Academic Articles Feb. 20

The latest academic papers on conservation. If you have a paper that you would like to share, please get in contact with us. Click on the title to follow the link to each article. Please note that some of these articles are behind a paywall.

  • Military training areas facilitate the recolonization of wolves in Germany
    • Source: Conservation Letters
    • Author(s): Ilka Reinhardt, Gesa Kluth, Carsten Nowak et al.
    • Abstract: Wolves (Canis lupus) are currently showing a remarkable comeback in the highly fragmented cultural landscapes of Germany. We here show that wolf numbers increased exponentially between 2000 and 2015 with an annual increase of about 36%. We demonstrate that the first territories in each newly…
  • Prioritizing restoration of fragmented landscapes for wildlife conservation: A graph-theoretic approach
    • Source: Biological Conservation, Volume 232
    • Author(s): Denys Yemshanov, Robert G. Haight, Frank H. Koch, Marc-André Parisien, Tom Swystun, Quinn Barber, A. Cole Burton, Salimur Choudhury, Ning Liu
    • Abstract: Anthropogenic disturbances fragmenting wildlife habitat greatly contribute to extinction risk for many species. In western Canada, four decades of oil and gas exploration have created a network of seismic lines, which are linear disturbances where seismic equipment operates…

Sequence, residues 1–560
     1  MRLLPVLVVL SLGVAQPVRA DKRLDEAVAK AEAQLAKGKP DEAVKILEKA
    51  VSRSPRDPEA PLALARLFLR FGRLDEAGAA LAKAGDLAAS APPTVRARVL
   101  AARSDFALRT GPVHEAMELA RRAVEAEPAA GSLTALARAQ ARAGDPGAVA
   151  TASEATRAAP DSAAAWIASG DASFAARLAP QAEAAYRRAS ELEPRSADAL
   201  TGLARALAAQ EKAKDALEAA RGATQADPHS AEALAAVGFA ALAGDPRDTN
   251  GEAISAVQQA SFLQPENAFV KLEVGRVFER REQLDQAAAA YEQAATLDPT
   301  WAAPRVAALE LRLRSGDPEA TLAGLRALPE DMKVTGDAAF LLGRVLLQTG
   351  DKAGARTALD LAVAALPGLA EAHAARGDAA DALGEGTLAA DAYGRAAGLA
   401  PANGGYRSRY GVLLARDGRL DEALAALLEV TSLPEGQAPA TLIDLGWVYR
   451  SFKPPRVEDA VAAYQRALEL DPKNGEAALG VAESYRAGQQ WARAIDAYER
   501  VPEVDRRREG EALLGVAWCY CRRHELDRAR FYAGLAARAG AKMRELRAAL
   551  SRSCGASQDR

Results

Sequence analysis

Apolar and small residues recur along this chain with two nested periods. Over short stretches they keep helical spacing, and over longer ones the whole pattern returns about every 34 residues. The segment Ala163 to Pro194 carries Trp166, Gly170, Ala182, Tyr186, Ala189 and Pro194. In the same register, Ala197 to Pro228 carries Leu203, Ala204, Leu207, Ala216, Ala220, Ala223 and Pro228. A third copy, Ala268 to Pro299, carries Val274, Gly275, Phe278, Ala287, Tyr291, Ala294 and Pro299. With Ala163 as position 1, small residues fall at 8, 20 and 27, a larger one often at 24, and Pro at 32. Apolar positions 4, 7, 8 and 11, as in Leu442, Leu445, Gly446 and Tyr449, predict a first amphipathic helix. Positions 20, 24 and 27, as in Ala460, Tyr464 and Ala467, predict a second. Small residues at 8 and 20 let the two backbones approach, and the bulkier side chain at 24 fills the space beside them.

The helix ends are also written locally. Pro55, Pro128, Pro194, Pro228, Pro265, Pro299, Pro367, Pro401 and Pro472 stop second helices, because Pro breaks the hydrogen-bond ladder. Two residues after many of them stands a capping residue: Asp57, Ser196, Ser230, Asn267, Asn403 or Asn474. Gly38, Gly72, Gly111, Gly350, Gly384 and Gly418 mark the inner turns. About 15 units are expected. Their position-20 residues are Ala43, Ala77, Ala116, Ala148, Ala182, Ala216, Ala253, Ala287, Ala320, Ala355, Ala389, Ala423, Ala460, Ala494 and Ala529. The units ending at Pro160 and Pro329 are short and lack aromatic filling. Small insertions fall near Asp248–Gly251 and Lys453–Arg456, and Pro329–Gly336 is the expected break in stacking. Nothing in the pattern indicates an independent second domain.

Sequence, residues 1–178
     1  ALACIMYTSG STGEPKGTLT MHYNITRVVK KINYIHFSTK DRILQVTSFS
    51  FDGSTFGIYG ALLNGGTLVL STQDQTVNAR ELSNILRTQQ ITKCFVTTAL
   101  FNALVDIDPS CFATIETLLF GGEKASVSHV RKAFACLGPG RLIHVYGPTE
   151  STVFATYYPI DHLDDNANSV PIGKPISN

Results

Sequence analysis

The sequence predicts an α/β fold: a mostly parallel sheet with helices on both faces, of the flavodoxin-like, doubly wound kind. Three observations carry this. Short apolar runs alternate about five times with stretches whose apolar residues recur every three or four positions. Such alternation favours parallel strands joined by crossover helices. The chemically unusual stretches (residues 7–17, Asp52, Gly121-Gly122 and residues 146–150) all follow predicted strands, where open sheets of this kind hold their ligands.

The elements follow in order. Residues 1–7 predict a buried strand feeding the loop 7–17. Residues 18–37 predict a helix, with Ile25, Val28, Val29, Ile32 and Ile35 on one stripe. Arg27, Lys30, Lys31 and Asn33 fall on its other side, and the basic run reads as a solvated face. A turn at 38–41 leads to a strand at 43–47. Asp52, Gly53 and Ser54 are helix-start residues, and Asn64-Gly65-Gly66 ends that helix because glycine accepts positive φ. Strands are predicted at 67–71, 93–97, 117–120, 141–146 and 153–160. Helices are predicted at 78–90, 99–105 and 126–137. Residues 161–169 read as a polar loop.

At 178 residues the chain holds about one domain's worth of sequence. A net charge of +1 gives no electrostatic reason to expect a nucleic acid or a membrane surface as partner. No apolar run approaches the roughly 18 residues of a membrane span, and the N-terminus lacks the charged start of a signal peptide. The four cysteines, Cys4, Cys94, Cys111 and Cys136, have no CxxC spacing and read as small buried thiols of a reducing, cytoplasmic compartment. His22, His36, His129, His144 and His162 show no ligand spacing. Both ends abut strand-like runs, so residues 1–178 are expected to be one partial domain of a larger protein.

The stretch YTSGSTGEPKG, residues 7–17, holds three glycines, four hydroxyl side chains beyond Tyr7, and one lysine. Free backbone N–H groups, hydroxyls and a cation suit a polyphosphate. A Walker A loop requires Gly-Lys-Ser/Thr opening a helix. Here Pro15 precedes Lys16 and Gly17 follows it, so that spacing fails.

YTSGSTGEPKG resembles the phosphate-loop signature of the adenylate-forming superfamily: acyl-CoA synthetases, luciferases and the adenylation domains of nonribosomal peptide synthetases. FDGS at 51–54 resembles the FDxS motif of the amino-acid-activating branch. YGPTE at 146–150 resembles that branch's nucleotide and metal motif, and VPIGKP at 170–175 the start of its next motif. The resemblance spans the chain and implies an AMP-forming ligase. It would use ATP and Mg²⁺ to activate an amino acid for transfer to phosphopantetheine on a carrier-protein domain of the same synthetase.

• Forest fires as an opportunity for ecosystem recovery
    • It is estimated that globally there are more than two million hectares of land in need of restoration. The fires that occurred in those places provided the people who manage them with an opportunity to change, via a suitable process of ecological restoration, the previous bad forestry practices.
  • China and India lead in greening of the world through land-use management
    • Source: Nature Sustainability
    • Author(s): Chi Chen, Taejin Park, Xuhui Wang et al.
    • Abstract: Recent satellite data (2000–2017) reveal a greening pattern that is strikingly prominent in China and India and overlaps with croplands world-wide. China alone accounts for 25% of the global net increase in leaf area with only 6.6% of global vegetated area..

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